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BCHR at HRC32: Comparing Technical Cooperation Programs in Bahrain

On Tuesday 14 June 2016, Americans for Democracy & Human Rights in Bahrain (ADHRB), in conjunction with the Bahrain Institute for Rights and Democracy (BIRD), the Bahrain Center for Human Rights (BCHR), and the European Centre for Democracy & Human Rights (ECDHR) and partner sponsors, held a panel discussion at the 32nd session of the United Nations Human Rights Council in Geneva titled “Comparing Technical Cooperation Programmes in Bahrain.”


Jeremie Smith, Director of the Geneva Office at the Cairo Institute for Human Rights Studies (CIHRS) moderated the panel. He opened the event by thanking participants despite the difficulties faced by the recent travel bans preventing Ebrahim Demistani, from the Bahrain Nursing Association and Husain Radhi, from the Bahrain Center for Human Rights, from joining the panel.

Amanda Milani, UN Liaison at ADHRB, began by speaking about the overall situation in Bahrain. She then discussed Bahrain’s lack of political will to cooperate with OHCHR, despite their public announcement of such commitment. There has not been an agreed programme of cooperation with OHCHR, which means that there have been no practical outcomes. She then spoke about the recent bilateral cooperation agreement between Bahrain and the Government of Switzerland, arguing that these agrIMG-20160614-WA0011eements need to outline concrete benchmarks which show genuine actions to improve the human rights situation on the ground. There are systematic and continuous violations on the ground, which are outlined by ADHRB’s recent report. She ended her speech by stating that the Human Rights Council must react to this; there have been five different HRC Joint Statements which remain largely unaddressed.

Sayed Ahmed Alwadaei, Director of Advocacy at BIRD, first discussed recent developments in Bahrain, including the travel ban preventing civil society from participating in the 32nd session of the Human Rights Council and the arrest of human rights defender Nabeel Rajab. He then spoke about the lack of implementation of the BICI recommendations before giving examples of torture. He stated that torture is still taking place systematically in Bahrain and that there is a serious lack of accountability. Following this, he discussed the UK technical assistance to Bahraini institutions, such as the Ombudsman, NIHR, PDRC, stating that UK assistance has been ineffectual in bringing these institutions into conformity with international standards. Finally, he ended his speech by discussing the case of Mohammed Ramadan, a Bahraini prisoner sentenced to death on the basis of a coerced confession.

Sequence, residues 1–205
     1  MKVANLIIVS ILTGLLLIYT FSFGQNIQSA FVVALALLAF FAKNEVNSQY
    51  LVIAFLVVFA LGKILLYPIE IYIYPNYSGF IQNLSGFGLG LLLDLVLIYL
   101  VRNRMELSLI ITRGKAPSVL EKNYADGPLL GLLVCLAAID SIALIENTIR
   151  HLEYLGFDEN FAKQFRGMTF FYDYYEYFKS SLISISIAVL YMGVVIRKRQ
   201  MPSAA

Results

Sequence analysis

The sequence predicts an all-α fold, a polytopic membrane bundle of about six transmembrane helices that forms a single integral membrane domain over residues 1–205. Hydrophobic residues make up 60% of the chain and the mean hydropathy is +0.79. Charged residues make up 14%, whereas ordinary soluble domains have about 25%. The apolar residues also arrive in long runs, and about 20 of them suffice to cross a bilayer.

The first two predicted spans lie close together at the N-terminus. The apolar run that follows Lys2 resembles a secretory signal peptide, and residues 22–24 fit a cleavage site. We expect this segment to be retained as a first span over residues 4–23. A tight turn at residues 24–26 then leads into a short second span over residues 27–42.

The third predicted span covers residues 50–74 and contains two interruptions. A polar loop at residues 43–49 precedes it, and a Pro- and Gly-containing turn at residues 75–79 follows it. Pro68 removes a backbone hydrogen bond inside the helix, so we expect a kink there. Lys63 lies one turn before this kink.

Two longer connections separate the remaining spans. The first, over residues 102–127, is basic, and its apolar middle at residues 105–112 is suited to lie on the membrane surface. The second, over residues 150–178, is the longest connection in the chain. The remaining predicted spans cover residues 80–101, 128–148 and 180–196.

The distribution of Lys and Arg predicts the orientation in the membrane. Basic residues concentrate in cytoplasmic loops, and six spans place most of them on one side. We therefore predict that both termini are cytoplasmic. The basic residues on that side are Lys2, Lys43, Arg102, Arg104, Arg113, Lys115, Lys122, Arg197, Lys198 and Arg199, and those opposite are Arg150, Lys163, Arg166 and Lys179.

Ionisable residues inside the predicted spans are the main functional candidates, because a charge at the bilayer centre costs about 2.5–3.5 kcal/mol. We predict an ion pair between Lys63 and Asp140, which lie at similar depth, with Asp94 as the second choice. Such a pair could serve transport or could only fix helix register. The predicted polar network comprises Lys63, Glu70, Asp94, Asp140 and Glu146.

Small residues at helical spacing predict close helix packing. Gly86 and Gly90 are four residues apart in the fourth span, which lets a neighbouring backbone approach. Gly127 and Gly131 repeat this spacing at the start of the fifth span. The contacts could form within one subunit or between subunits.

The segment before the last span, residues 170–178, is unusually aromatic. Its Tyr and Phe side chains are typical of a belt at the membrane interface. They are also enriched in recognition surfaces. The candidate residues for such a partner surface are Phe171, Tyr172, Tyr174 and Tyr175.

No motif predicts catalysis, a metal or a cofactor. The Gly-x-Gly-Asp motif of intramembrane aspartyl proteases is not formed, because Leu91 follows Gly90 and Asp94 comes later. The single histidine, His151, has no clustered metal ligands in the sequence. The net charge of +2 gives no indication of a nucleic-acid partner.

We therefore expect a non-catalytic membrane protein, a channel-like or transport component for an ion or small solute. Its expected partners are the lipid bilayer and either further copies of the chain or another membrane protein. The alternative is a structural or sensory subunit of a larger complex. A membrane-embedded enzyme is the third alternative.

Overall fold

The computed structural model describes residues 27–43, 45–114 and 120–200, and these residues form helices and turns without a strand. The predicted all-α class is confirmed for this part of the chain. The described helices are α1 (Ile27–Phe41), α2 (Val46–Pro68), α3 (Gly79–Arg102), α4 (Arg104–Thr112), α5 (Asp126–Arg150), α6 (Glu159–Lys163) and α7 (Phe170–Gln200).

Sara Katrine Brandt, Policy and Research Officer at CIVICUS, began her speech by discussing her work on Bahrain, in particular on shrinking civil society space, attacks on journalists, and the criminalisation of national and international human rights groups. She stated that the attack on community activism in Bahrain is very concerning. She then argued that while international pressure is working, it is getting more and more difficult, and it is unfortunate to see how repression by the Bahraini government is becoming more emboldened. The forced exile of Zainab Al-Khawaja and the arrest of Nabeel Rajab on the first day of the of the Human Rights Council are serious signs of deterioration thIMG-20160614-WA0014at indicate that the government has no intention of conducting reform or respecting human rights. Sara closed by stating that the situation has deteriorated so gravely that the Human Rights Council must pass a resolution on human rights in Bahrain.

The final speaker was Nicholas McGeehan, the Bahrain, Qatar and United Arab Emirates researcher at Human Rights Watch, who joined the discussion on Skype. He began by giving an overall picture of the recent abuses in the country before briefly discussing the different institutions in Bahrain and their ineffectiveness. He stated that the lack of accountability in Bahrain is a clear sign that these institutions fundamentally do not work. Torture is still ongoing because there is no accountability.

A brief Q&A session followed the discussion.

Charting the Seas of Abuse: Analysis of United Nations Special Procedure Communications to the Kingdom of Bahrain 2011 – 2016

On 14 February 2011, thousands of demonstrators took to the streets of Bahrain calling for more democracy and greater political liberties. A majority of Bahrain’s population participated in the peaceful protests, occupying the Pearl Roundabout, a symbol of the country. The Government of Bahrain’s response to the demonstrators and their demands was not peaceful. Beginning in February 2011, the Bahraini government embarked on a systematic campaign of repression to silence activists, suppress dissent, and preclude opposition. This campaign has not ended. It continues to this day, with protests and violent clashes nearly nightly.

The United Nations (UN) Special Rapporteurs, a body of independent experts associated with the United Nations, have tracked this unrest since it first garnered international attention in 2011. In the five-year period between then and now, the mandates of 11 Special Rapporteurs have combined to issue around 60 communications, many jointly issued. These 60 communications have gathered 217 Special Rapporteur signatures between them. The communications detail the Government of Bahrain’s systematic efforts to discriminate against its Shia population and suppress opposition to its rule. In this way, it targets human rights defenders and political activists. The communications also allege the government’s repeated violation of its populace’s right to freedom of expression, assembly, and association. In addition to filing the communications, seven Procedures—torture, expression, assembly, human rights defenders, extreme poverty, migrants, and arbitrary detention—have outstanding visit requests to Bahrain since 2011.